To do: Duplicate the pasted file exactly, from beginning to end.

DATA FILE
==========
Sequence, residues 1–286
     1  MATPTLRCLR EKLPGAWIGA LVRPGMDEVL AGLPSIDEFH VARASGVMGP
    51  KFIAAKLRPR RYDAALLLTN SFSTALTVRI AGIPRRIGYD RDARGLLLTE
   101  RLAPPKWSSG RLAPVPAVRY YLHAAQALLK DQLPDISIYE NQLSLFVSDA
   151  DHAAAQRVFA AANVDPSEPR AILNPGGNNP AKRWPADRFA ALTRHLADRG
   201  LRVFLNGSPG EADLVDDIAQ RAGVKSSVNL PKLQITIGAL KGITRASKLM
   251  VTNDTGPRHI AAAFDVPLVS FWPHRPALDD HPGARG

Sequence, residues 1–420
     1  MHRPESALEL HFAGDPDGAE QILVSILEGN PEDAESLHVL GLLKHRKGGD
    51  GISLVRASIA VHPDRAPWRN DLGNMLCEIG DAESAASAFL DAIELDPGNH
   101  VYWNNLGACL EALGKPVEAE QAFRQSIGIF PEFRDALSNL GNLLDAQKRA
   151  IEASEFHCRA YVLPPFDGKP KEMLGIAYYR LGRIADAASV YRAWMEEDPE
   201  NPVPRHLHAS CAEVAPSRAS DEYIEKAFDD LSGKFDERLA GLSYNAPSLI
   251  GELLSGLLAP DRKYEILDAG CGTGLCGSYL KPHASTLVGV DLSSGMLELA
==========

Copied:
Sequence, residues 1–286
     1  MATPTLRCLR EKLPGAWIGA LVRPGMDEVL AGLPSIDEFH VARASGVMGP
    51  KFIAAKLRPR RYDAALLLTN SFSTALTVRI AGIPRRIGYD RDARGLLLTE
   101  RLAPPKWSSG RLAPVPAVRY YLHAAQALLK DQLPDISIYE NQLSLFVSDA
   151  DHAAAQRVFA AANVDPSEPR AILNPGGNNP AKRWPADRFA ALTRHLADRG
   201  LRVFLNGSPG EADLVDDIAQ RAGVKSSVNL PKLQITIGAL KGITRASKLM
   251  VTNDTGPRHI AAAFDVPLVS FWPHRPALDD HPGARG

Sequence, residues 1–420
     1  MHRPESALEL HFAGDPDGAE QILVSILEGN PEDAESLHVL GLLKHRKGGD
    51  GISLVRASIA VHPDRAPWRN DLGNMLCEIG DAESAASAFL DAIELDPGNH
   101  VYWNNLGACL EALGKPVEAE QAFRQSIGIF PEFRDALSNL GNLLDAQKRA
   151  IEASEFHCRA YVLPPFDGKP KEMLGIAYYR LGRIADAASV YRAWMEEDPE
   201  NPVPRHLHAS CAEVAPSRAS DEYIEKAFDD LSGKFDERLA GLSYNAPSLI
   251  GELLSGLLAP DRKYEILDAG CGTGLCGSYL KPHASTLVGV DLSSGMLELA